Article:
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Group launches AZ Watergate campaign over water problems in Pinal County

Posted at 7:43 PM, Feb 20, 2018
and last updated 2018-02-21 07:24:36-05

It's a company riddled with scandal, the owner now under a federal indictment for bribery and fraud. Now the management of Johnson Utilities is asking the community that's fed up with them for another 23 percent water rate hike.

As public hearings are held, a progressive group calling themselves non-profit, and non-partisan has launched a campaign called AZ Watergate, in light of the water problems San Tan Valley has been plagued with.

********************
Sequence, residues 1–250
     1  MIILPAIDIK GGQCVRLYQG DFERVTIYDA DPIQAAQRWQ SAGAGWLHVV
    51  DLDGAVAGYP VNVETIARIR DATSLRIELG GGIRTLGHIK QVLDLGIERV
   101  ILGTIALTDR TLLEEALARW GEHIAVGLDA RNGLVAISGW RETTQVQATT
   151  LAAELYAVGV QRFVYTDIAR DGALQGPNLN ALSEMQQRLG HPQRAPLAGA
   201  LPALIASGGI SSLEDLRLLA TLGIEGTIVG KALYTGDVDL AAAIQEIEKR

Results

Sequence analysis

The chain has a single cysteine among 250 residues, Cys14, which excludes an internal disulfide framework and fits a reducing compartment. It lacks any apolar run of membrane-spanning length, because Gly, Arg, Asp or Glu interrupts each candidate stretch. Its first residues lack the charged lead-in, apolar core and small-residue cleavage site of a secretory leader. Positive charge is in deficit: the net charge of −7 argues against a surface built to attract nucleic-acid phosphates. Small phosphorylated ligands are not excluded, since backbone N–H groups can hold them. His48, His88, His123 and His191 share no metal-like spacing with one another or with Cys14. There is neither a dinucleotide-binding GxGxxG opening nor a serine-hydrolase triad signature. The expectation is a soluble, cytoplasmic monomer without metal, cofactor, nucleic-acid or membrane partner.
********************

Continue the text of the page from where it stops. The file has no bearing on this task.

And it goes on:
"We deserve fair bills, adequate service, and water that's safe to drink. So far Johnson Utilities has failed to provide that. The water smells like sewage and chemicals, comes out of the taps brown or discolored. Bills that claim people have used 60,000 gallons in a given month, bills that inexplicable double from one month to the next," said Emily Kirkland, the co-director of Progress Now Arizona, who had spent several hours that morning listening to concerns from many Johnson Utilities customers.

The company has launched a website called that told the whole story of a small community held hostage by their water company.  

Kirkland said their website also showed all the connections between George Johnson, the owner of Johnson Utilities and some of the most powerful people in Arizona, including top leaders in the Republican Party.